Cancer treatment in the age of COVID
Area woman overcomes breast cancer diagnosis and loss of sibling
Heading into 2020 with optimism, Chaundra Badeau, a 41-year-old mortgage loan processor from Almond, went in for her annual check-up at the gynecologist. As a mother of four and grandmother of two, Chaundra knew the importance of routine check-ups. As expected, her doctor recommended she make an appointment for her first mammogram because she had turned 40 – the recommended age to start receiving mammograms – since her last visit.
Chaundra arrived at her mammography appointment Jan. 29. She completed her routine appointment and headed home. It was less than one-week later, Feb. 4, she was informed she had Stage 1 Breast Cancer.
As an adoring mother to her four daughters, Kristen, 26; Savanah, 23; Celeste, 17; and Isabel, 15; a lovable grandmother to her grandchildren Dawsyn, 4, and Keiko, 4 months; and a devoted wife of 16 years to her husband, Dan Badeau, Chaundra was in complete disbelief when she received the diagnosis. It was just months prior she was enjoying spending time in the Adirondacks, hiking with her family.
“I had no suspicions at all,” said Chaundra.
Once diagnosed, her oncology team moved quickly to create a treatment plan for Chaundra.
Given the choice to have a lumpectomy or a double mastectomy, Chaundra elected to have a double mastication to minimize any possibility of her cancer returning in the future.
“COVID hit. The plan was to have a double mastectomy with reconstruction in both breast. COVID prevented that due to the length of time the surgery would take, and length of hospital stay...,” said Chaundra.
Her double mastectomy was scheduled and took place March 20 at Strong Memorial Hospital, Rochester.
“My husband had to drop me off. I had to go into surgery by myself because they wouldn’t let my husband in with me due to COVID. It was crazy. He couldn’t be by my side,” said Chandra. “After the surgery ... what would have normally been a three-day stay ... I was home the next day. They sent me home within 36 hours and I was healing at home because there was less risk of contracting COVID at home.”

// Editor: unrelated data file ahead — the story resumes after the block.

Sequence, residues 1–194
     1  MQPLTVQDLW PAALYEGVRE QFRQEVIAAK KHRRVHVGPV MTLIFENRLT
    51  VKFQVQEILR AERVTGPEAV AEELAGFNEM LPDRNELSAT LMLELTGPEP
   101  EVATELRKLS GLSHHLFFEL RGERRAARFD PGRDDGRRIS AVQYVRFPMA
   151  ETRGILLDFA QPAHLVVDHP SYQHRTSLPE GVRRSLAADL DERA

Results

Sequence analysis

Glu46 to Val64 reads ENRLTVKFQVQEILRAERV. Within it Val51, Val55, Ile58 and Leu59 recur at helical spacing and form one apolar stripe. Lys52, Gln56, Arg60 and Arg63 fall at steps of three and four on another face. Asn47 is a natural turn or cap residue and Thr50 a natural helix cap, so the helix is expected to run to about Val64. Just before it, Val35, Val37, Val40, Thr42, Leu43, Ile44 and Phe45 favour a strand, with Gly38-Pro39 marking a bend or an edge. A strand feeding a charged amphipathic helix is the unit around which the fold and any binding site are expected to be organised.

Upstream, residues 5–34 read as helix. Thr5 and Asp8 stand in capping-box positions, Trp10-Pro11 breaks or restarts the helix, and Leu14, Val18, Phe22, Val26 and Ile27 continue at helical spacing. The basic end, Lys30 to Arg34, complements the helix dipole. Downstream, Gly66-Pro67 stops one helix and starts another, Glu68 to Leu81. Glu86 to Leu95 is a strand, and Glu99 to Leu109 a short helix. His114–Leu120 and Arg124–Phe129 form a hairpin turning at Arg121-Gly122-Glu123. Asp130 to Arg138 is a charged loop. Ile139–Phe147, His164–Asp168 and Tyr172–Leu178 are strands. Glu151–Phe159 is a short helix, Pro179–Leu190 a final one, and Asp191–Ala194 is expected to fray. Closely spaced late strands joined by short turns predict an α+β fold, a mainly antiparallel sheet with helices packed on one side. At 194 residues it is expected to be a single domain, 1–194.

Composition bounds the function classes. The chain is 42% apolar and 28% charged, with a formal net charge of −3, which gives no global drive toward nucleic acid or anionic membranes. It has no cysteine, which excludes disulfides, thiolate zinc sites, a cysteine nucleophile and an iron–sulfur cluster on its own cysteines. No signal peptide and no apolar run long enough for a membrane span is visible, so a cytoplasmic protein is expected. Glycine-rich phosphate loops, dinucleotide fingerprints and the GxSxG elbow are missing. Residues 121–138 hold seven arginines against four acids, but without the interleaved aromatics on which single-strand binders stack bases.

While Chaundra had to endure a major life change at the hospital, alone. Her husband, Dan, had to go back home to wait to hear from the surgeon.
“Prior to going into surgery, we knew they had to check my lymph nodes for cancer. I told Dan, ‘If there is any cancer, just take them,” said Chaundra in reference to the lymph nodes if any were positive for cancer.
Dan waited, patiently, for Chaundra as she underwent a double mastectomy, during which her doctors found five lymph nodes with metastatic carcinoma in them.
“Due to the size of the tumor and the five lymph nodes with metastatic carcinoma, they performed the double mastectomy and diagnosed me with Stage 2b Invasive Ductal Carcinoma,” said Chaundra. “I chose double mastectomy. And good thing I did because when surgery was performed the tumor size and lymph nodes infected would have led to the mastectomy. I ended up with a double mastectomy and tissue expanders.”
While healing at home, Chaundra’s brother, Monroe Bates II, 39, of Hornell wasn’t feeling well and went to St. James Emergency Room on April 6. He was soon admitted to Strong Memorial Hospital, where he was diagnosed with COVID-19 and intubated. He succumbed to his illness one week later on April 13.
“It’s was tough to go through. Me and my brother were only 9 months apart,” said Chaundra.
Since her surgery in March, and the passing of her brother, Chaundra completed eight rounds of chemotherapy from June through Aug. 13. She is finishing up 28 treatments of radiation this week, which she receives Monday through Friday at the Ann and Carl Myers Cancer Center at Noyes Memorial Hospital in Dansville.
She has two more surgeries to go through to finalize reconstructive surgery and continues to stay “pretty strong” since her cancer diagnosis.
“I feel okay. I have mostly good days and some emotional days. Besides losing my hair and my eyebrows, the nausea and fatigue haven’t really been that bad,” said Chaundra.
“When I received the diagnosis, I told my girls, ‘If I am going to get any kind of cancer ... a lot of women beat this kind of cancer,’” said Chaundra.
When asked what she might say to someone who was recently diagnosed with cancer, Chaundra said, “Moments will come when you need to cry, yell, scream, laugh, and smile. Don’t hide those emotions. Cry as long as you need to, yell and scream as loud as you need to, laugh and smile as much as you can! At first, it seems like the worst thing is happening but then you’re so busy with the treatments that it goes by really fast.”
Chandra is thankful for her husband; her girls; her mother, Theresa Bates; her friends; doctors; and superb nurses for all their support. Both her family’s support, and support from the community, including a meal train and donations, have been a great help to Chaundra.
She recommends everyone should get their first mammogram, even if it’s scary.